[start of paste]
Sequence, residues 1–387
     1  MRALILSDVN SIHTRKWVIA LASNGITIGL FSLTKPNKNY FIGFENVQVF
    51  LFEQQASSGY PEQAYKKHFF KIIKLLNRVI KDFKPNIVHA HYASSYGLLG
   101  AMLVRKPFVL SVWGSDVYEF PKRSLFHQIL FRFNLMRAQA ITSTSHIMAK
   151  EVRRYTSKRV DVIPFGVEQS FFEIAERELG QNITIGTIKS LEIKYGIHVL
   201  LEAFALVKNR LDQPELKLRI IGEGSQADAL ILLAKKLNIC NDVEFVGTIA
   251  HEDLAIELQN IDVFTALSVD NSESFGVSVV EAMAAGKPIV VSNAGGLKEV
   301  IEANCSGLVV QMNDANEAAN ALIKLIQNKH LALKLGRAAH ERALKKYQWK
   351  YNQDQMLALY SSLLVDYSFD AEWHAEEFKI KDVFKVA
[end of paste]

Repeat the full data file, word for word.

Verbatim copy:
Sequence, residues 1–387
     1  MRALILSDVN SIHTRKWVIA LASNGITIGL FSLTKPNKNY FIGFENVQVF
    51  LFEQQASSGY PEQAYKKHFF KIIKLLNRVI KDFKPNIVHA HYASSYGLLG
   101  AMLVRKPFVL SVWGSDVYEF PKRSLFHQIL FRFNLMRAQA ITSTSHIMAK
   151  EVRRYTSKRV DVIPFGVEQS FFEIAERELG QNITIGTIKS LEIKYGIHVL
   201  LEAFALVKNR LDQPELKLRI IGEGSQADAL ILLAKKLNIC NDVEFVGTIA
   251  HEDLAIELQN IDVFTALSVD NSESFGVSVV EAMAAGKPIV VSNAGGLKEV
   301  IEANCSGLVV QMNDANEAAN ALIKLIQNKH LALKLGRAAH ERALKKYQWK
   351  YNQDQMLALY SSLLVDYSFD AEWHAEEFKI KDVFKVA